By Andy Mannix
By Caleb Hannan
By Olivia LaVecchia
By CP Staff
By Aaron Rupar
By Jacob Wheeler
By Olivia LaVecchia
By Aaron Rupar
Here are 10 great jazz discs from 2006. On certain days, they might even be my top 10 of this abundant year. Check with citypages.com for the latest capricious ordering of these and 40 others worthy of your attention.
Forget Ornette's daunting reputation; true to the mischievous genius of this 75-year-old child, Coleman has always composed so that guileless ears can pick the padlocks on the musical constructs that confound and enthrall the eggheads. His alto sax evokes startled birds, playground games of tag, puppy-love dialogue, and the blues. A pair of bassists—one plucks, one bows—jig and sway with profound empathy, which is further refracted when Coleman switches to trumpet bleats or violin keens. His drummer son Denardo is a worthy rhythmic domestic, pounding dough and scrambling eggs off the side. Sonny Rollins's tenor sax evokes mostly giddy awe for the tonal depths it can plumb, the encyclopedic range of tunes he quotes, the rhythmic wrinkles he bunches and straightens, and the ceaseless torrent of melodically galvanized yet structurally sound ideas that pour from his horn during a typically inspired solo. Sonny, Please has its customary share of such jaw-dropping displays, placed in the usual setting: some ballads, a calypso, some spunky originals, all supported by mediocre sidemen who are left in the dust when the inspiration hits.
African polyrhythms and Latin merengue, replete with braying saxes and a jaunty accordion, make up one of the sonic milkshakes Parker concocts with his Olmec septet. On four other tracks from Long Hidden, this old Cecil Taylor cohort plays solo bass with an enormous tone, as if a field of high-tension wires were his fret board and strings. On Radio Guantanamo, Bunnett's longtime fascination with Afro-Cuban hybrids hits the Eureka! spot of profundity and versatility. Starting with traditional ensembles who know changui, the Haitian-oriented roots music of southeastern Cuba, she adds the New Orleans gumbo of harpist-accordionist-vocalist Jumpin' Johnny Sansone. Next come the big jazz horns of tuba player Howard Johnson and the late tenor saxophonist Dewey Redman, plus her own flute and soprano sax filigree, and enough shakers and rattlers for some glorious holy rolling. This Guantanamo produces the opposite of torture.
Personalities matter. The self-effacing Marsalis—trombonist Delfeayo—helms a disc that epitomizes ensemble synergy (with luminaries like Mulgrew Miller and Eric Revis) and showcases the sublime relationship he had with his mentor, the late, ex-Coltrane Quartet drummer Elvin Jones, playing here for the last time with horns. The spirit of 'Trane is pervasive, from altoist Donald Harrison's modal phrases on "Lone Warrior" to the entire sweep of "Lost in the Crescent" to brother Branford's blitzkrieg on the title track. Braggtown is Branford the egotist stretching big canvases for the most swaggering hard bop and the most delicate ballads. Drummer 'Tain Watts provides invaluable support.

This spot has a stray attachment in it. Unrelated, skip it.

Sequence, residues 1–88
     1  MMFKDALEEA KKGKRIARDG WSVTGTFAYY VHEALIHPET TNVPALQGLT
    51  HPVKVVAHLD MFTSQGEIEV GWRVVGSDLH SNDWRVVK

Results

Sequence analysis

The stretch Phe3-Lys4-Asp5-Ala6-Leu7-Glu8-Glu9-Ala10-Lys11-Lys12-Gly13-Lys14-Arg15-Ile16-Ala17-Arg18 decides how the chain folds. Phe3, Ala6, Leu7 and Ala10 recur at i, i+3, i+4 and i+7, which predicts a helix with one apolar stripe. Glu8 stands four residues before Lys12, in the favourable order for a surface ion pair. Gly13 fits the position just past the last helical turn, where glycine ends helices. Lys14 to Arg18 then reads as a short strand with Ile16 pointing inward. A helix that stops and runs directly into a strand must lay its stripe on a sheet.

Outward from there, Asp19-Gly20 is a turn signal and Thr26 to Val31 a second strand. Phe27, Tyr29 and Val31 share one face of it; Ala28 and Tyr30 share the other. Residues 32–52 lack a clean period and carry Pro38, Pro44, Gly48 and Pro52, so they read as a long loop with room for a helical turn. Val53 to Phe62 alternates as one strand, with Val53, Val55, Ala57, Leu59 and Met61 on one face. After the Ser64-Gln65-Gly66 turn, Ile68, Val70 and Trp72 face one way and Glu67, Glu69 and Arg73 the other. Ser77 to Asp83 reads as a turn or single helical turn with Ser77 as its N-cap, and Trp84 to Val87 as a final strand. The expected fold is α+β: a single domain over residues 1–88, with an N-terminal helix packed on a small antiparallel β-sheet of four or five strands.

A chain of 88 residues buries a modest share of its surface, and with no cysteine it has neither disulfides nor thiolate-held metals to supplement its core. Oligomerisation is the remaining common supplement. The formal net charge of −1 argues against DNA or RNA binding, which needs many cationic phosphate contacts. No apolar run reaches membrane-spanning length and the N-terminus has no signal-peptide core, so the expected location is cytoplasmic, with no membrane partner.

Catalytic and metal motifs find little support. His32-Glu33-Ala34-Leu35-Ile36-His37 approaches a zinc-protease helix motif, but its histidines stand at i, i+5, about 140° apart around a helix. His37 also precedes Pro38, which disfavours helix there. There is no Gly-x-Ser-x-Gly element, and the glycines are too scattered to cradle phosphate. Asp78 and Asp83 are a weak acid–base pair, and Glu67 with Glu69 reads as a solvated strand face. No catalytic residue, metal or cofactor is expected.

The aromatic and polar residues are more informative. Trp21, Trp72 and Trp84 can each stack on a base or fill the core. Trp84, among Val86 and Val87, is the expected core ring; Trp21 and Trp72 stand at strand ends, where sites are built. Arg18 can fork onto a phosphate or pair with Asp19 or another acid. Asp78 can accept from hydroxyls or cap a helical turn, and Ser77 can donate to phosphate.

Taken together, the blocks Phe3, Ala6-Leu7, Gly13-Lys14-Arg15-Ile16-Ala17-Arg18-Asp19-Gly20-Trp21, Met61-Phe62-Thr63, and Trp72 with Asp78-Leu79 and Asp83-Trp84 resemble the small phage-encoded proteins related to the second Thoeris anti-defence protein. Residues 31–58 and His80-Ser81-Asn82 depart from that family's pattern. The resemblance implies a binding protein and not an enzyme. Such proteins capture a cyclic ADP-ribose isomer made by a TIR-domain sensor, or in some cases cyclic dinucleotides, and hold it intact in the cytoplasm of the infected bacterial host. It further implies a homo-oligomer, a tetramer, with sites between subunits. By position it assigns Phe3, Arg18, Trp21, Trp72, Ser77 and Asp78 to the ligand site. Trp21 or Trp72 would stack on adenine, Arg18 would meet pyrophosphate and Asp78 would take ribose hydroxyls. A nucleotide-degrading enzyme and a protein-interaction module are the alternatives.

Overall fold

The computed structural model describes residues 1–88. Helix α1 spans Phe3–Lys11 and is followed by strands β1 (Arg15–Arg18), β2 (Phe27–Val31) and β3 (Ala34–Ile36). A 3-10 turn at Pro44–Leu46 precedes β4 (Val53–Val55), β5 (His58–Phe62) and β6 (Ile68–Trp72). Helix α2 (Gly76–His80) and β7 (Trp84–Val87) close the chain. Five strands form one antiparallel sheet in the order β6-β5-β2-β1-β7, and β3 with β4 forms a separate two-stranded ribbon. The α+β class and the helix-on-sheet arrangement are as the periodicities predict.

Bassist Holland has nurtured the best small ensemble in jazz by encouraging all four of his cohorts to compose, while setting a high standard with his own distinctively sinuous tunes, and the wide-ranging harmonic and textural possibilities of a piano-less lineup that includes a trombonist and vibraphonist. Critical Mass fully integrates newest member Nate Smith on drums, and, like the band's half-dozen previous discs, lets its unique instrumentation, generous spotlight-sharing, acute familiarity, and enormous core talent do the rest. It's been delightful to see Dave Douglas shed some of his Artist pomposity and rejigger his own quintet along similar lines on Meaning and Mystery. Electric pianist Uri Caine delivers the warm, diaphanous tones Holland vibist Steve Nelson executes, and the group utilizes the fulcrum of a pliable, intelligent rhythm section and forceful horns to remind us that, done right, mainstream jazz remains a spontaneous, suspenseful joyride.
Speaking of joyrides, Bobby Previte's "Ministry of Truth" hurtles along like tsunami surf music, a winsome gush of kitsch delivering irresistible momentum and a cosmic—or at least political—undertow. The title reference to our Iraq War partners and song names linked to Orwell's 1984 can be beside the point if you'd rather spazz out on jazz-rock adrenaline leavened by Farfisa organ and woozy slide guitar. Ex-members of Sex Mob and Primus are on board, and the funk of Sly and JB is not forgotten. A grin-granting ruckus of a much different sort, Dizzy's Business doesn't forget that Gillespie swung as hard as he bopped. An incredible array of 20 musicians gathered in Pittsburgh and chased through charts reworked by some of the bop era's best arrangers, including Ernie Wilkins, Slide Hampton, and Jimmy Heath. Big-band glue guys like baritone saxophonist Gary Smulyan, stars like Roy Hargrove and Randy Brecker, and crucial bit players like scat-vocal stalwart James Moody (of "Moody's Mood" fame) were all on hand. Put simply, they proceeded to swoon, burn, prance, and careen through some of Dizzy's signature tunes, making this recording of the gig the jazz year's most reliable crowd-pleaser.
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